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Wisdom Wednesday: Putting back the pieces

Some food for thought on this Wisdom Wednesday from Everyday Sacred: A Woman’s Journey Homea beautiful book by potter and author Sue Bender. Not surprisingly, it’s about brokenness, my favorite topic of late: Read more

We are all broken, beautiful, and beloved

For all those who heard me talking about our brokenness on the Morning Air Show on Relevant Radio this morning, here’s the original column that sparked this as a retreat and workshop topic for me. We are all “broken, beautiful, and beloved.”

If you look around my office prayer space or on my bedroom dresser, you’ll notice one constant: broken conch and whelk shells everywhere. Small and blue-gray, large and sun-bleached, twisting, turning, spiraling in that gorgeous and mysterious way that seashells do. Although I have one perfect channeled whelk shell that I purchased in Cape May, N.J., years ago, my prized possessions are broken shells of every shape and size because, as far as I’m concerned, they are far more beautiful than the ones that are perfectly intact and so lovely on the outside. Read more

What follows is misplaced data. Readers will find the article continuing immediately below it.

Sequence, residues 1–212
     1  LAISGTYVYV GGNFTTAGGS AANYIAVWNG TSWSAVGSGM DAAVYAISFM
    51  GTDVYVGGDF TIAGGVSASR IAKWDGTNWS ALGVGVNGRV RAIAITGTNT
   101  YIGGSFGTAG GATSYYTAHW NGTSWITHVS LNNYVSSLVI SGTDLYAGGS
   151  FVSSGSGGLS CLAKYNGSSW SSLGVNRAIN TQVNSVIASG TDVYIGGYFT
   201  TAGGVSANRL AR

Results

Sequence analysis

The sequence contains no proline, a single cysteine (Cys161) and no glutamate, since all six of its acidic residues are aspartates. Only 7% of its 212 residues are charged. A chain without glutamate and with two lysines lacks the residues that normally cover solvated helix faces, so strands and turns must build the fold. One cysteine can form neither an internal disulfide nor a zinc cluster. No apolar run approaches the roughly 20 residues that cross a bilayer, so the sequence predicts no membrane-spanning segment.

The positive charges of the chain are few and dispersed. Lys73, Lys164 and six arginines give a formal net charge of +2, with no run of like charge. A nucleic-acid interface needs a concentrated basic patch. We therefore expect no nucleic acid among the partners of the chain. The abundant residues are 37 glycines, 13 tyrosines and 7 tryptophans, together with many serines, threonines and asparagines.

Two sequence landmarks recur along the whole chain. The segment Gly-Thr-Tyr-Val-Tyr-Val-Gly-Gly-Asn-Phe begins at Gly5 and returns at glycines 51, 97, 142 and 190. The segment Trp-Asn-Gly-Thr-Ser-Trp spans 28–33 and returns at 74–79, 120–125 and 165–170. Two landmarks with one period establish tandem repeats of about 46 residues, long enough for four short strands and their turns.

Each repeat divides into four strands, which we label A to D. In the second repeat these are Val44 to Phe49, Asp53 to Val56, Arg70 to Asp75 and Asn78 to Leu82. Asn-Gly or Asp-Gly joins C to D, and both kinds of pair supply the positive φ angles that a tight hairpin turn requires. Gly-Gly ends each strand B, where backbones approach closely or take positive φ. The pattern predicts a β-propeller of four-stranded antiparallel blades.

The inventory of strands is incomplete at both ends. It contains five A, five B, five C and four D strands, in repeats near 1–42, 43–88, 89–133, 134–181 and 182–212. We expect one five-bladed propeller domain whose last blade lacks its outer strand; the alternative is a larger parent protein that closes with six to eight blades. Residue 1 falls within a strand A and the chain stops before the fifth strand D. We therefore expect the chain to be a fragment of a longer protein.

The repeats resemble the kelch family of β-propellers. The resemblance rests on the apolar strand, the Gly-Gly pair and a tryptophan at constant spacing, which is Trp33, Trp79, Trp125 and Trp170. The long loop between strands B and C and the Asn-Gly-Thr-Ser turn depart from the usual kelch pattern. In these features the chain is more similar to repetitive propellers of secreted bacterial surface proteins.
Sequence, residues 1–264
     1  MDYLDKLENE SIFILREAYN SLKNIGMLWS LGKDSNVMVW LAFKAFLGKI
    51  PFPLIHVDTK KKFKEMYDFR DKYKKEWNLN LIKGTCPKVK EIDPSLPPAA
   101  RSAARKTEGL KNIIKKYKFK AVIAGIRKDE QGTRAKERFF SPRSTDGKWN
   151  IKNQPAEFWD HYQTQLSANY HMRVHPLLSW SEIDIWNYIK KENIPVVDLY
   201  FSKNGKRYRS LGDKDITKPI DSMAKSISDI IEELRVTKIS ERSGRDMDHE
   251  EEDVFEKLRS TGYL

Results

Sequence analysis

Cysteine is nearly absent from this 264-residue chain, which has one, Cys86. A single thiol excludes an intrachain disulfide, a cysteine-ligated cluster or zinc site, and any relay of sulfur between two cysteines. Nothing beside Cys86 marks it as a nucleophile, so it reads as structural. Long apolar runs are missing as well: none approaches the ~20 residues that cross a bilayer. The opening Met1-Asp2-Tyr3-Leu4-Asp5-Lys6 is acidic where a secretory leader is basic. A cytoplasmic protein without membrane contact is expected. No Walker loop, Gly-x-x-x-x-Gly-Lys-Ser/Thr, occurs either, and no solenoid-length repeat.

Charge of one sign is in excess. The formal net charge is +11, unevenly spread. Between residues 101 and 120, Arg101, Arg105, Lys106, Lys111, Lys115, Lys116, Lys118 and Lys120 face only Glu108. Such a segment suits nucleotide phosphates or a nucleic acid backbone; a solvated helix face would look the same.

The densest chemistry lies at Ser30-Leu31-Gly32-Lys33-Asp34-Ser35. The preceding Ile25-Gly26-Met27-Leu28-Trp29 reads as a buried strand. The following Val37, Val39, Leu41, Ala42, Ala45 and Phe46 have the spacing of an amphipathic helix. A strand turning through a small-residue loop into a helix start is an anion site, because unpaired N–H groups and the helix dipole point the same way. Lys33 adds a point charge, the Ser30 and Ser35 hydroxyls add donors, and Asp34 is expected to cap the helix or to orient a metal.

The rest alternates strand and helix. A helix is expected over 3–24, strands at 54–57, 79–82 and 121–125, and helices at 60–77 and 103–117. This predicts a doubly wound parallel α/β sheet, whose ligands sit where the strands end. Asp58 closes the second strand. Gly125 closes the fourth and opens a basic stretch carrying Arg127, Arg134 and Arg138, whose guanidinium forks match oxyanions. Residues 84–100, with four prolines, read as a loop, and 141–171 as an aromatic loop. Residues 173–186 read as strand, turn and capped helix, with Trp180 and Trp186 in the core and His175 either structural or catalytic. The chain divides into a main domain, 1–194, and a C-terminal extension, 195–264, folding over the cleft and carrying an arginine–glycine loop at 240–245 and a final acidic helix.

Brokenness lets us see where true beauty lies

My “Soul Seeing” column, running in the current issue of the National Catholic Reporter:

If you look around my office prayer space or on my bedroom dresser, you’ll notice one constant: broken conch and whelk shells everywhere. Small and blue-gray, large and sun-bleached, twisting, turning, spiraling in that gorgeous and mysterious way that seashells do. Although I have one perfect channeled whelk shell that I purchased in Cape May, N.J., years ago, my prized possessions are broken shells of every shape and size because, as far as I’m concerned, they are far more beautiful than the ones that are perfectly intact and so lovely on the outside. Read more

Broken and beautiful

If you look around my office prayer space or on my bedroom dresser, you’ll notice one constant: broken conch and whelk shells everywhere. Small and blue-grey, large and sun-bleached white, twisting, turning, spiraling in that gorgeous and mysterious way that sea shells do. Although I do have one perfect channeled whelk shell, which I purchased in Cape May years ago, my prized possessions are the broken shells because, as far as I’m concerned, they are far more beautiful than the ones that are perfectly intact and so lovely on the outside. Read more